chrislawson @13: I can see it now:Trump apologists complaining that his conviction was wrong and evil cuz “he didn’t have a lawyer! Constitution sez you gotta have a lawyer!”

  15. says

    @15 cubist
    He has over 40 “lawyers” working for him in the Senate. The fact that they are also on the jury doesn’t seem to bother anyone.

  16. DanDare says

    A lot of people I know are beginning to feel sick at the inability to bring all these folks to account. Its made worse that the senate are voting on the guilt of some one they are complicit in being involved with for the same crimes.

  17. unclefrogy says

    there are two “courts ” involved the legal one I include the senate here as well as all the other courts federal and state courts. then there is the court of public opinion which works itself out in politics. It is a good thing that agent orange is not a very good politician and is a better seller of s**t products and lies in business (con games) because he only needs to fool the mark not the whole audience. The politician needs to sell everyone to at least to suspend their doubt a little.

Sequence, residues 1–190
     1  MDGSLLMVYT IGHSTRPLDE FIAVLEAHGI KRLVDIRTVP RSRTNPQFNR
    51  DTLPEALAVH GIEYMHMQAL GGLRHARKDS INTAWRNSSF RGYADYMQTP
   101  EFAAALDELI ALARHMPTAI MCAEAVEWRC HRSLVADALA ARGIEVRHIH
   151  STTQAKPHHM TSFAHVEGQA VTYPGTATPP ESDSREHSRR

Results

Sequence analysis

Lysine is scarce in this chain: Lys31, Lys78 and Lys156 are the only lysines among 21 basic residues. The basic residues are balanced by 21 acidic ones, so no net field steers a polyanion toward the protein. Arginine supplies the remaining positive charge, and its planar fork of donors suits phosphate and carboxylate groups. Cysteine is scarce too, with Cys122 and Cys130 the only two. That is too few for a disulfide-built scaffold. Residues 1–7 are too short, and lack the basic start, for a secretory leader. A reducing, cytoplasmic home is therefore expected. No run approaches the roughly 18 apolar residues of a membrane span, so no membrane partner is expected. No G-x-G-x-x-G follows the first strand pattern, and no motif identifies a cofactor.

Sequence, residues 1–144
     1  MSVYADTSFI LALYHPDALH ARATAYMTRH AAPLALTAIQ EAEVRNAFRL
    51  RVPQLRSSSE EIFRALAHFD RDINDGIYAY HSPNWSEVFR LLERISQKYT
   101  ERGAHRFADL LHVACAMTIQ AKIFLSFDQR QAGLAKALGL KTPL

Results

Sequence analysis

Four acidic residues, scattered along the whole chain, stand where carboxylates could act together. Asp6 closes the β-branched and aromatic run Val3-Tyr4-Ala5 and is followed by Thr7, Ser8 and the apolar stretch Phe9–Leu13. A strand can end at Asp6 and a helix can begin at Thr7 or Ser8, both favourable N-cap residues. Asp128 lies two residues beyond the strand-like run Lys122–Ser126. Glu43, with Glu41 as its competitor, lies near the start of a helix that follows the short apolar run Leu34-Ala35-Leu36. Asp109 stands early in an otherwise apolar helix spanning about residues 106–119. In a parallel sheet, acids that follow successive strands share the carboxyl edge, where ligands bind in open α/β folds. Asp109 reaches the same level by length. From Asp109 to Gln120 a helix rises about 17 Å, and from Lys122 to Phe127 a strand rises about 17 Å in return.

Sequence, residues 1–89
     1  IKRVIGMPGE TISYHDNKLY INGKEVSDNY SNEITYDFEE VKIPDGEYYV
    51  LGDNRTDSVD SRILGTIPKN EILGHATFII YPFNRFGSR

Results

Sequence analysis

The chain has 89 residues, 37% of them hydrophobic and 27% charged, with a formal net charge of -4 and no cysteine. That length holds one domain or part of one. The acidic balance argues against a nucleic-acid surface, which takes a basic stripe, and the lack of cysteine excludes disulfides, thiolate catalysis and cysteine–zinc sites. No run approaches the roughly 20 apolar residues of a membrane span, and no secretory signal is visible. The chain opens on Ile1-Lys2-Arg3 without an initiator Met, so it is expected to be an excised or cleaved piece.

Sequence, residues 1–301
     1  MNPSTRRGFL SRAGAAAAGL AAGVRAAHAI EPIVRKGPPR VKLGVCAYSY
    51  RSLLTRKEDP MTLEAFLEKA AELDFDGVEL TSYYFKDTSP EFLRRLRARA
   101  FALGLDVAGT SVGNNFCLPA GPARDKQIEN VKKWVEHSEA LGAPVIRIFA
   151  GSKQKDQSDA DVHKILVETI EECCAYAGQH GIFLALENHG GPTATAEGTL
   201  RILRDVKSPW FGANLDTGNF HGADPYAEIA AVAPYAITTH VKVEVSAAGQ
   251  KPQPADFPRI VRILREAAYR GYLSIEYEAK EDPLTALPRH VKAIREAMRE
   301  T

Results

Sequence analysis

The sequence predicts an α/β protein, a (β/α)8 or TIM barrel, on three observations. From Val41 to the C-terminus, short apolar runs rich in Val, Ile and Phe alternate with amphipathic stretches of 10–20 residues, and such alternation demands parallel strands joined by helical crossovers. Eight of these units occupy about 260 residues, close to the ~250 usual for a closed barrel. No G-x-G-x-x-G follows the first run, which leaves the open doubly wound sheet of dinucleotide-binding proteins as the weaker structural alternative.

In the court of public opinion BLM demonstrations though treated very roughly have fared better then the authorities beating and gassing them. At the same time the Maga demonstrators storming the capital not being treated roughly have not rallied more people to their cause.
    there is that hard core of racist and ultra nationalist but I do not they are not growing in numbers and sadly they are not going away either.
    Faubus is gone but his policies still linger in the minds of some but they fade year to year but not without constant pressure. change happens but it ain’t easy
    uncle frogy

  18. Reginald Selkirk says

    Moar jeen-yus:
    They stormed the Capitol to overturn the results of an election they didn’t vote in

    Many involved in the insurrection professed to be motivated by patriotism, falsely declaring that Trump was the rightful winner of the election. Yet at least eight of the people who are now facing criminal charges for their involvement in the events at the Capitol did not vote in the November 2020 presidential election, according to an analysis of voting records from the states where protestors were arrested and those states where public records show they have lived.

  19. Jado says

    “I’m going to paint my face like a Mondrian and wear a sack and leave my phone at home when I decide to commit treason.”

    Uhhh, if you’re not livestreaming it and don’t advertise who you are, is it EVEN treason? I mean, come on…you have to follow the established tradition. And yes, being caught, tried, convicted, and sentenced to prison WILL be the established tradition very soon. So don’t try to half-ass it, mister. All or nothing

  20. davidc1 says

    A lot of the snatch snatchers lawyers are now ditching him .Plus people are not returning his calls ,or messages .
    Poor man my heart bleeds for him.